Durbin, Blackburn, Budzinski Introduce Bipartisan Legislation To Increase Medical Providers In Rural Communities

WASHINGTON—U.S. Senate Majority Whip Dick Durbin (D-IL), U.S. Senator Marsha Blackburn (R-TN), and U.S Representative Nikki Budzinski (D-IL-13) today introduced the bipartisan Rural America Health Corps Act.  The legislation will incentivize more health professionals to serve and plant roots in rural communities. 

U.S. Senators Shelley Moore Capito (R-WV), Jacky Rosen (D-NV), Lisa Murkowski (R-AK), and Tina Smith (D-MN) are sponsoring this legislation. 

“Patients across rural Illinois face challenges accessing the health care they need because of serious workforce shortages – with too few medical providers and long distances between them,” said Durbin. “Our bipartisan bill provides new funding and support for rural communities by expanding loan forgiveness programs so we can attract and retain more doctors, nurses, physician assistants, dentists, and behavioral health specialists.”

“This bipartisan bill will help incentivize more health professionals to work in rural health facilities by establishing a structured program to forgive medical school loans,” said Blackburn. “It is critical that we explore all possible options to increase access to care for rural Tennesseans and I am pleased to see so many of my colleagues supporting legislation to do just that.” 

“Every American deserves access to high-quality health care — no matter where they live. But, a shortage of health care professionals in rural communities continues to impact folks in Central and Southern Illinois,” said Budzinski. “The Rural America Health Corps Act would help our communities recruit and retain essential health care providers.  Thank you to Rep. David Kustoff, Rep. Diana Harshbarger, Sen. Dick Durbin and Sen. Marsha Blackburn for coming together across the aisle to improve access to care in underserved communities.”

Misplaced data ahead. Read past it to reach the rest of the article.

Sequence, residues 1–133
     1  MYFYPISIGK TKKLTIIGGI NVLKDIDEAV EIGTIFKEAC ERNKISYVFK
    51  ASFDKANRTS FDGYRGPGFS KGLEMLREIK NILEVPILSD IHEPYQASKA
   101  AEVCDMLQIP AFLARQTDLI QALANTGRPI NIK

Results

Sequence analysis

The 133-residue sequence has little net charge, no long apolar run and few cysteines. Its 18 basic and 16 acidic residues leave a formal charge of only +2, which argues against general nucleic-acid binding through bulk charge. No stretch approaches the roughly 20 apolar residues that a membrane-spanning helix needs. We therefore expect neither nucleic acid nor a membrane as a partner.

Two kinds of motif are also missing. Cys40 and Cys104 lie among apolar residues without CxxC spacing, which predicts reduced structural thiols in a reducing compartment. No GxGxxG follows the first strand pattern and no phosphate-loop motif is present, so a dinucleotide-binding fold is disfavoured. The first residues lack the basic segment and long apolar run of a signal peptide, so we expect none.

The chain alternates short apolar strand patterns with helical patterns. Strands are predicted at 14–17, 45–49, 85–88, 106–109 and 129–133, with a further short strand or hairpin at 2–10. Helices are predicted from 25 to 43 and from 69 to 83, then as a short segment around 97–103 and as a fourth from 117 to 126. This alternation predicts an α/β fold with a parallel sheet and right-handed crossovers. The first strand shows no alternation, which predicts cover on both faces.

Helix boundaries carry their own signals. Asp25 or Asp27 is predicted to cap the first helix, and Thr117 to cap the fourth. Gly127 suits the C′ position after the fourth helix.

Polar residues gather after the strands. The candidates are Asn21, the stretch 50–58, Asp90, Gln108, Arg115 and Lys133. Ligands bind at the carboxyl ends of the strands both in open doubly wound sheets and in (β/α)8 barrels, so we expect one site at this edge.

The Rural America Health Corps Act creates a new program under the Health Resources and Services Administration’s (HRSA) National Health Service Corps (NHSC) to test whether an increased loan repayment amount and longer service commitment would better enhance recruitment and retention of doctors, nurses, dentists, and behavioral health providers in rural areas.  Compared to the national average of 35 percent, only 23 percent of NHSC clinicians in Illinois serve in rural areas. 

Nearly 100 million Americans live in communities with too few doctors, and half the country lives in a mental health care desert.  It is estimated that the United States needs 450,000 nurses over the next two years, and is projected to face a shortage of 120,000 physicians over the next decade.  One of the biggest barriers is the high cost of pursuing graduate education for health care providers, which can leave new doctors with an average debt of more than $200,000.

The NHSC addresses these workforce shortages and health disparities by enticing promising students from diverse backgrounds into health careers in underserved communities by providing scholarship and loan repayment funding in exchange for a service commitment in an urban or rural area.  Nationwide, more than 21 million patients were delivered care by NHSC providers.  Across Illinois, more than 935 clinicians with NHSC serve in community health centers and hospitals.